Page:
This week, our own Ashley Cygnarowicz submitted the post. Thanks, Ashley!
It would be dishonest if I (or any therapist) said “I never get stressed out or feel like I have too much on my plate.” Yes—we are human, not therapy-bots.
I can recall recently during a break at work that I looked at my phone and saw several text messages from friends asking to hang out, or needing a favor; I had missed calls from family members hoping to catch up and chat. Although I can truly say I am blessed to have wonderful friends and family, I am one of five siblings—and we live in two different countries, three different states, and three different time zones—so catching up, hanging out, and doing favors can be exhausting!
Just like most people, I have a full time job; I have a family, pets to care for, and a house that needs to be tended. I—like everyone else—also have a choice: I can choose to try not to stress. My choice is to take care of myself and enjoy every day. After all: life is a gift, not a chore.
Happily, I am usually very good at paying attention to my self-care, both professionally and within my personal life. I remember me. I am the only person I have to hang out with all day; I am the only person I have to talk to all day. I am the only person who gets stuck with me all day! I wouldn’t choose to hang out with someone else if they were miserable, cranky, or negative; why would I want to hang out with myself if I am miserable, cranky, or negative?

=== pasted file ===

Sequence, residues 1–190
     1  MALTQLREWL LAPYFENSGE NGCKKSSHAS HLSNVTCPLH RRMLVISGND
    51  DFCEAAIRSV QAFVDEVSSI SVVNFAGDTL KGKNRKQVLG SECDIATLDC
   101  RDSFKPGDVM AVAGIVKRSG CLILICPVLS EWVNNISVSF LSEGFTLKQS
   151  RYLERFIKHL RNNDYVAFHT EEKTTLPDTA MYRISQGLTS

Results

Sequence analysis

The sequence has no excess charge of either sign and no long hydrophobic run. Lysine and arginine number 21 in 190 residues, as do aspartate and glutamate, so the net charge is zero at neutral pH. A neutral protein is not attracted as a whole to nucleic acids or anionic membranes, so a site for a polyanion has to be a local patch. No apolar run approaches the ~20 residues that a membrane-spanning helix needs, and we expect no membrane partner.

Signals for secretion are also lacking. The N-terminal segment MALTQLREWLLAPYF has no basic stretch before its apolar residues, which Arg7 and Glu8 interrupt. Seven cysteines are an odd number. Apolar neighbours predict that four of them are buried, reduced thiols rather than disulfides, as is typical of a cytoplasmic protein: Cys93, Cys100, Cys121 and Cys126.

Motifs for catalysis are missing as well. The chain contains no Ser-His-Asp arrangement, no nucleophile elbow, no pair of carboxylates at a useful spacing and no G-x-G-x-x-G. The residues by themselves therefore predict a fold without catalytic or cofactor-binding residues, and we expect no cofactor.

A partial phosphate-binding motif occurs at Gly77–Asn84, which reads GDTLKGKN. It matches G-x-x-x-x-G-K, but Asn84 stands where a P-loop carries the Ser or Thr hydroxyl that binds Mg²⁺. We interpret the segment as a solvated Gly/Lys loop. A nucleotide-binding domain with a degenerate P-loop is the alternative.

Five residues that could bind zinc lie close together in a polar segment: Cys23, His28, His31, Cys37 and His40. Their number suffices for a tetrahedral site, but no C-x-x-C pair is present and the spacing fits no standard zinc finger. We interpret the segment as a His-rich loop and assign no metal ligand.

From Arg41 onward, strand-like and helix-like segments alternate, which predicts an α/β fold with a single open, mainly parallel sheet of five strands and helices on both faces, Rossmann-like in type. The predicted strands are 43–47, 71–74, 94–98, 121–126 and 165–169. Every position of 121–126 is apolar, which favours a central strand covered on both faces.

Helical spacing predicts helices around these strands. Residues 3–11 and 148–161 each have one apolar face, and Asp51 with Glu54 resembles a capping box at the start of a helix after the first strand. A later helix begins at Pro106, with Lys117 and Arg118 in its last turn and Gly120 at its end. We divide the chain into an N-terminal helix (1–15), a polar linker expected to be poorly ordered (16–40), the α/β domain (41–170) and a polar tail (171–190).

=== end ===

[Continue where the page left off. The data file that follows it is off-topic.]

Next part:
So, how do you take care of yourself? How do you stay positive and healthy? Make time for you!
I challenge you to take 15 minutes for yourself each day. Take 15 minutes to do something you truly enjoy. Read a novel, go for a walk around the block, play your guitar, draw a picture, knit, paint your nails—do something for your most basic self-care. You can then build from that.
It doesn’t have to take hours, and it isn’t about weekend getaways, so don’t get caught up in “I don’t have time.” Time is something that we are all given; we choose what to do with it.
Self-care is more than exercise and eating healthy. It also includes positive thinking, spending time in enjoyable activities, getting enough sleep, and surrounding yourself with people (or pets!) you love. Self-care is turning off work when you get home, learning to say “no” to others, and not spending every free minute doing a chore or playing “catch up” with the things you missed while you were too busy doing everything else.
If I didn’t take care of myself, it would be hypocritical to suggest it to others. If I didn’t take time for me—if I didn’t think positive, spend time with loved ones, take breaks, exercise, eat right, and get enough sleep, how could I hope to be helpful to others? I had better try my hardest to practice what I preach!